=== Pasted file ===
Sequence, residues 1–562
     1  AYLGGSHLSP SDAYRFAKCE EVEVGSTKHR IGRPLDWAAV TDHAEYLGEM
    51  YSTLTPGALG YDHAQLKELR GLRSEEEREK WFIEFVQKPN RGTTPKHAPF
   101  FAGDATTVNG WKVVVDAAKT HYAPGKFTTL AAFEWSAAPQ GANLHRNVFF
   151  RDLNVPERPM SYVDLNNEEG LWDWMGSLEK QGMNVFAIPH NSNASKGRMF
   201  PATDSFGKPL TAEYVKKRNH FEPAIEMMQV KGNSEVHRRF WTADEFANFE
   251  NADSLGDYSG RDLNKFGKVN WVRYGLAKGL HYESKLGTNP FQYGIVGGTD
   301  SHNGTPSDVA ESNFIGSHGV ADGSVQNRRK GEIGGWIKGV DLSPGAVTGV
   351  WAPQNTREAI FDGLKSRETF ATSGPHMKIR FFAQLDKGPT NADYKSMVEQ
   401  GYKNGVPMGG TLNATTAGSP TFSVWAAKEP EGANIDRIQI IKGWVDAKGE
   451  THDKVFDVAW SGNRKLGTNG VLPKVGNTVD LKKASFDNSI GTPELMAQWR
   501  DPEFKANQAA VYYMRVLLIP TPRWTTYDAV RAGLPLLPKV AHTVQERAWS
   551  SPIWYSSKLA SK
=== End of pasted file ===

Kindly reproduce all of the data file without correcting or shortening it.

Sequence, residues 1–562
     1  AYLGGSHLSP SDAYRFAKCE EVEVGSTKHR IGRPLDWAAV TDHAEYLGEM
    51  YSTLTPGALG YDHAQLKELR GLRSEEEREK WFIEFVQKPN RGTTPKHAPF
   101  FAGDATTVNG WKVVVDAAKT HYAPGKFTTL AAFEWSAAPQ GANLHRNVFF
   151  RDLNVPERPM SYVDLNNEEG LWDWMGSLEK QGMNVFAIPH NSNASKGRMF
   201  PATDSFGKPL TAEYVKKRNH FEPAIEMMQV KGNSEVHRRF WTADEFANFE
   251  NADSLGDYSG RDLNKFGKVN WVRYGLAKGL HYESKLGTNP FQYGIVGGTD
   301  SHNGTPSDVA ESNFIGSHGV ADGSVQNRRK GEIGGWIKGV DLSPGAVTGV
   351  WAPQNTREAI FDGLKSRETF ATSGPHMKIR FFAQLDKGPT NADYKSMVEQ
   401  GYKNGVPMGG TLNATTAGSP TFSVWAAKEP EGANIDRIQI IKGWVDAKGE
   451  THDKVFDVAW SGNRKLGTNG VLPKVGNTVD LKKASFDNSI GTPELMAQWR
   501  DPEFKANQAA VYYMRVLLIP TPRWTTYDAV RAGLPLLPKV AHTVQERAWS
   551  SPIWYSSKLA SK